Isaac Azimov, the well-known science fiction writer, reminds us that “Violence is the last refuge of the incompetent”.
For me, Azimov is too gracious; violence is the last refuge of rogues and scoundrels. Anger was my response when I heard of the thug-like behaviour of a group of youths as they tried twice to disrupt Muda party gatherings.
Anger is not good for anyone, old or young. So, at 74-plus, I should be calmer, but such dastardly behaviour riles me to the core. The mastermind behind it must be incredibly violent and unbelievably stupid.
Today, the citizenry are wiser and many are tech-savvy. So, old or young, they can read reliable posts and even view authentic videos of the violence that some youths used to try to stop Muda (Malaysian United Democratic Alliance) events.
These bullies can mask their faces, but they cannot hide their monstrous actions. Masked and in black-hooded tees, these thugs shouted at organisers to leave the venue of a Muda dinner. They threw water bottles, used firecrackers, kicked cars and shoved Muda volunteers.
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One Muda member fell because of a firecracker and Lim Wei Jiet, a Muda co- founder, had his car dented. In this way, a peaceful, multi-racial, lawful event in the run-up to the general elections was viciously disrupted.
The police did nab a few of the thugs. More needs to be done. There should be a formal inquiry. If bail is set for those arrested, wonder who would pay the bail?
Perhaps some detective like the meticulous Columbo, that popular TV detective, may help to find the real person paying bail.
I am no detective, as I have been known to miss clues right under my nose, but the fact that they all wore black- hooded tees and masks must give us all pause. Ah, was the whole horrendous event preplanned? “Aduh,” as Mak Cik Kiah would say.
In her revealing and insightful book Electoral Violence, Corruption and Political Order, Sarah Birch, a political scientist, gives us this wonderful quote: “Countries with high levels of corruption and weak democratic institutions are especially vulnerable to disruptions of electoral peace.”
Desperation will drive many political actors to violence in order to support other forms of electoral manipulations, such as vote-buying and ballot box stuffing.
Yet I am much encouraged by a quote from Hazlitt, the English essayist, who says, “Violence ever defeats its own ends.”
When a troubled young man came to the Prophet and asked how he may find peace, the Prophet answered him clearly and pithily, “Do not become angry” (Al- Bukhari). Indeed, Islam counsels silence and prayer when one is tempted to act in angry violence.
The Malay proverb: “Tanam lalang tak akan tumbuh padi” comes to mind. If bullies plant lalang (wild grass), that is, commit violent acts, then they cannot expect a “harvest” of plenty (paddy). Terror boomerangs back on those who commit terrible acts. The wildfire they ignite will consume any harvest they hope to reap.
I am non-partisan in critically assessing any party. What I pray for is genuine democratic practices, strong and independent democratic institutions as I echo Nelson Mandela who, after years of arduous struggle and imprisonment, retains hope as he tells his countrymen that “it is in your hands to make a better world for all who live in it”. Even in a wheelchair, if I have to, I will vote for change.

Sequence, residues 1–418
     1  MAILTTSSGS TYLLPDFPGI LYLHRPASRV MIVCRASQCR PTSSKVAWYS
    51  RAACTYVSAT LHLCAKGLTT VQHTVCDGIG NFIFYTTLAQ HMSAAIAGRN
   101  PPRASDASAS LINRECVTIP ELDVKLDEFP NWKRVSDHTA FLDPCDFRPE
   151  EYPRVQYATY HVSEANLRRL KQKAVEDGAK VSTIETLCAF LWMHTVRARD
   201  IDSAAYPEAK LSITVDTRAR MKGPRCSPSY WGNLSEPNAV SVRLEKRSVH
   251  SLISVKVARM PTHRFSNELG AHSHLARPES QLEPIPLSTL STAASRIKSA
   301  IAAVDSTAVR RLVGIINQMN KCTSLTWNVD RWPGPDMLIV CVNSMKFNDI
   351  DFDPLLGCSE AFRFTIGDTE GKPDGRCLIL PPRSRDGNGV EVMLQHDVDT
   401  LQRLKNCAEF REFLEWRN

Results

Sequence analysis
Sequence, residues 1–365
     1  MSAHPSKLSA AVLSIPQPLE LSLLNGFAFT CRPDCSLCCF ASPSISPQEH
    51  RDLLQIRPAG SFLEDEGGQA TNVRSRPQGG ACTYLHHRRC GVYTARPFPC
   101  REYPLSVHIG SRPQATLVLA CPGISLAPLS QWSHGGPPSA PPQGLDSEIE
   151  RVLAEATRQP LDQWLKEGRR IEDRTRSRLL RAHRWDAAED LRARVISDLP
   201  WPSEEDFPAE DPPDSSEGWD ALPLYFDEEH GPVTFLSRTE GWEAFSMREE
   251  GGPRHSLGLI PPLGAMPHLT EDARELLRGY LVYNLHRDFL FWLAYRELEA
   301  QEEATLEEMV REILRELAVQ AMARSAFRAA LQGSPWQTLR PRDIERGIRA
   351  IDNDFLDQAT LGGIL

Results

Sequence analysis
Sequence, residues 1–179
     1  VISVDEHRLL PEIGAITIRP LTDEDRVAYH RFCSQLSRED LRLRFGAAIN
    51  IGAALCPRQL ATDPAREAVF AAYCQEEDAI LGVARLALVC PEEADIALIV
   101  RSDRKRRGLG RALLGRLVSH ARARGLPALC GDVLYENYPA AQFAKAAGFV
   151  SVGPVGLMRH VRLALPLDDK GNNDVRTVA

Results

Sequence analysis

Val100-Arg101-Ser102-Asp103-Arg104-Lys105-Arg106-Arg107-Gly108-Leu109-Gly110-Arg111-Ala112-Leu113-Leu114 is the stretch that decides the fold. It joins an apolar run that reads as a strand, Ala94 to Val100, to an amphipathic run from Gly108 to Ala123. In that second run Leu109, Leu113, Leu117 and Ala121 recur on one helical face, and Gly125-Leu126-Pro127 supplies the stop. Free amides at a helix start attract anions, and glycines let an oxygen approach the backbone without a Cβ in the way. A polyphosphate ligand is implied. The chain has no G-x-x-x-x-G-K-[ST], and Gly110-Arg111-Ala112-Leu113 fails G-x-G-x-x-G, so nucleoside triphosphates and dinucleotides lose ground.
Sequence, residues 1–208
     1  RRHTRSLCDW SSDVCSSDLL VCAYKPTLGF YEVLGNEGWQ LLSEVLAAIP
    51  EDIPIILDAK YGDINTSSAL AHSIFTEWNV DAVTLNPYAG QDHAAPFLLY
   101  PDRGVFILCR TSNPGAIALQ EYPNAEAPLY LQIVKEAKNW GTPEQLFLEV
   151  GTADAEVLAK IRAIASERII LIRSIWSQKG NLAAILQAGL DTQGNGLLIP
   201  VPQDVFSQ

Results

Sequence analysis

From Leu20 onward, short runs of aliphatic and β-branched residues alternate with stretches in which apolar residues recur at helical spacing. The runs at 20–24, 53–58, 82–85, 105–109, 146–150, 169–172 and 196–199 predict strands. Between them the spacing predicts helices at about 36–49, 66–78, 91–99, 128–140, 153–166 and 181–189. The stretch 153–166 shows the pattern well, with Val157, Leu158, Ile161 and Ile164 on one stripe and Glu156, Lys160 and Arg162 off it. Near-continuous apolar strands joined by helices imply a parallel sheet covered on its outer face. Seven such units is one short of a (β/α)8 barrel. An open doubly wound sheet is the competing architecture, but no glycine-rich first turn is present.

As a senior citizen who has had long years of teaching experience, who continues to enjoy informal chats with young people, I feel a deep responsibility to advise young people to grow a deepening sense of respectful, compassionate and sincere multi-racialism and not pay mere lip service to it.
To teach others this, I must reflect on and re-examine my own long ingrained prejudices. Do I retain a residual racism?
Stereotypes are easy to use even as they readily fuel anger resulting in thug-like behaviour. Most brain washers target those who are vulnerable because they are already intensely disaffected, discontented, disgruntled, so much so that their only sense of self-worth comes from acting out their anger in violence. This may be their only way of feeling manly achievement. Yet I must not be sexist since violence is never only limited to one gender.
A truly caring, ethical and concerned politician, older person or mentor would investigate why people are willing to be masked, hooded and violent. Is it only because they are paid? I leave it to professionals like trained counsellors and psychiatrists to intervene. But it is an important matter to look into.
We can each do our bit by open-mindedly, fairly and calmly discussing multiculturalism, by encouraging people to see each other as human beings who deserve compassion and respect. Language is important as we alert younger folk to be cautious and wary when someone keeps repeating that they are “victims” or constantly reiterate to them that others have “robbed” them.
Everyone wants to win so political rallies can witness the most virulent language. But today our citizens are not bodoh bendul or stupid. We know who are gentlemen and ladies. We know who has solid stuff to offer and who talks rubbish (“full of sound and fury, signifying nothing”).
We also know that our understanding of the many fascinating races that live in our beloved Malaysia should grow daily. It should not be a mere electoral act, performed publicly as when we make a thosai or fry some kway teow or try our hand at some East Malaysian raw fish dish, delectable as all these dishes are. We look for much more in a genuinely sincere politician.
“Remember that hope is a powerful weapon,” says Nelson Mandela, whom I love to refer to. In this senior season of my life, I continue to retain hope for our beloved land.